Run with MeeGo
Any device that will run MeeGo needs two things: the MeeGo core software stack and the MeeGo User eXperience (UX) for that specific device, although you are not limited to using the MeeGo UX, and you can create and deploy your own branded UX. Currently, MeeGo is available for Netbooks, IVI and handsets.
The MeeGo Core 1.1 release provides a common base operating system for the user experiences of all supported device categories. It provides a complete set of enabling technologies for mobile computing. The MeeGo stack contains Linux kernel 2.6.35, X.org server 1.9.0, Web Runtime, Qt 4.7 and Qt Mobility 1.0.2, supporting the contacts, location, messaging, multimedia, and sensor and service frameworks. It also includes a number of leading-edge components, such as the oFono telephony stack, the ConnMan connection manager, the Tracker data indexer, the Telepathy real-time communications framework, the Buteo sync framework and many more.
These technologies are brought to application developers through the MeeGo API, which is based on Qt and other technologies, such as the MeeGo Touch Framework. With the latest Qt version 4.7, the MeeGo developer experience is now enhanced with the introduction of QML, the easy-to-use scripting technology for animated touch-enabled GUI apps.
Table 1. MeeGo v1.1 Core Software Platform Key Feature List
|Key Feature||Description||Related Upstream Project|
|Complete MeeGo-compliant packages||Ensures compatibility.||N/A|
|GCC 4.5.0 toolchain||Includes support for the Intel Atom microarchitecture and runtime library functions optimized for the Intel SSSE3 instruction set.||gcc.gnu.org/gcc-4.5|
|Linux kernel 2.6.35||Includes support for the Intel Atom processor Z6xx series family.||kernel.org|
|X.org Server 1.9.0 and Mesa 7.9||Improves 2-D and 3-D graphics.||www.x.org/wiki and www.mesa3d.org|
|Qt 4.7 and Qt-mobility 1.0.2||Provides a rich set of APIs for creating compelling applications that include location, sensors, contacts and messaging.||qt.nokia.com|
|QtWebKit 2.1||Qt port of WebKit.||developer.qt.nokia.com/wiki/QtWebKit|
|BTRFS||Next-generation filesystem aimed at implementing advanced features while focusing on fault tolerance, repair and easy administration.||https://btrfs.wiki.kernel.org|
|ConnMan connection manager||Provides support for static IPv6, dhcp-lib and VPN.||connman.net|
|New oFono telephony stack||Provides support for the telephony functionality.||ofono.org|
|PulseAudio||Provides support for the audio functionality.||www.pulseaudio.org|
|GStreamer 0.10.30 with liborc support||General performance improvements.||www.gstreamer.net|
|Zypper/libzypp package management.||Provides full package management functionalities, such as repository access, dependency solving, package installation and so on.||en.opensuse.org/Portal:Zypper|
|Udisks and upower||Replaces the deprecated devicekit-disks and devicekit-power.||freedesktop.org/wiki/Software/udisks and upower.freedesktop.org|
|Buteo synchronization framework and Personal Information Management||Based on Tracker.||projects.gnome.org/tracker|
|DeviceKit and udev||Used for interacting with hardware devices.||fedoraproject/wiki/Features/DeviceKit and git.kernel.org/?p=linux/hotplug/udev.git|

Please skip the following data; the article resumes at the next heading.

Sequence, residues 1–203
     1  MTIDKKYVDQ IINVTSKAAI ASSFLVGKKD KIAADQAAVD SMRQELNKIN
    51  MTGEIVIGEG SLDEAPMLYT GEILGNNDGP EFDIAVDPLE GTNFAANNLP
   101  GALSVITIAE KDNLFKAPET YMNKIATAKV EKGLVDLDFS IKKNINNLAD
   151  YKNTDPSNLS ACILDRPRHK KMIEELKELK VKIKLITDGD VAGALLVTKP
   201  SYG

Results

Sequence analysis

|Sensor Framework||Allows developers to take advantage of platform sensors, such as accelerometers, compasses and gyroscopes.||Part of Qt|
|Universal Plug and Play (gUPnP)||Support for gUPnP providing an easy-to-use, efficient and flexible framework for creating devices and control points.||gupnp.org|
Practical Task Scheduling Deployment
July 20, 2016 12:00 pm CDT
One of the best things about the UNIX environment (aside from being stable and efficient) is the vast array of software tools available to help you do your job. Traditionally, a UNIX tool does only one thing, but does that one thing very well. For example, grep is very easy to use and can search vast amounts of data quickly. The find tool can find a particular file or files based on all kinds of criteria. It's pretty easy to string these tools together to build even more powerful tools, such as a tool that finds all of the .log files in the /home directory and searches each one for a particular entry. This erector-set mentality allows UNIX system administrators to seem to always have the right tool for the job.
Cron traditionally has been considered another such a tool for job scheduling, but is it enough? This webinar considers that very question. The first part builds on a previous Geek Guide, Beyond Cron, and briefly describes how to know when it might be time to consider upgrading your job scheduling infrastructure. The second part presents an actual planning and implementation framework.
Join Linux Journal's Mike Diehl and Pat Cameron of Help Systems.
Free to Linux Journal readers.Register Now!
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With all the industry talk about the benefits of Linux on Power and all the performance advantages offered by its open architecture, you may be considering a move in that direction. If you are thinking about analytics, big data and cloud computing, you would be right to evaluate Power. The idea of using commodity x86 hardware and replacing it every three years is an outdated cost model. It doesn’t consider the total cost of ownership, and it doesn’t consider the advantage of real processing power, high-availability and multithreading like a demon.
This ebook takes a look at some of the practical applications of the Linux on Power platform and ways you might bring all the performance power of this open architecture to bear for your organization. There are no smoke and mirrors here—just hard, cold, empirical evidence provided by independent sources. I also consider some innovative ways Linux on Power will be used in the future.Get the Guide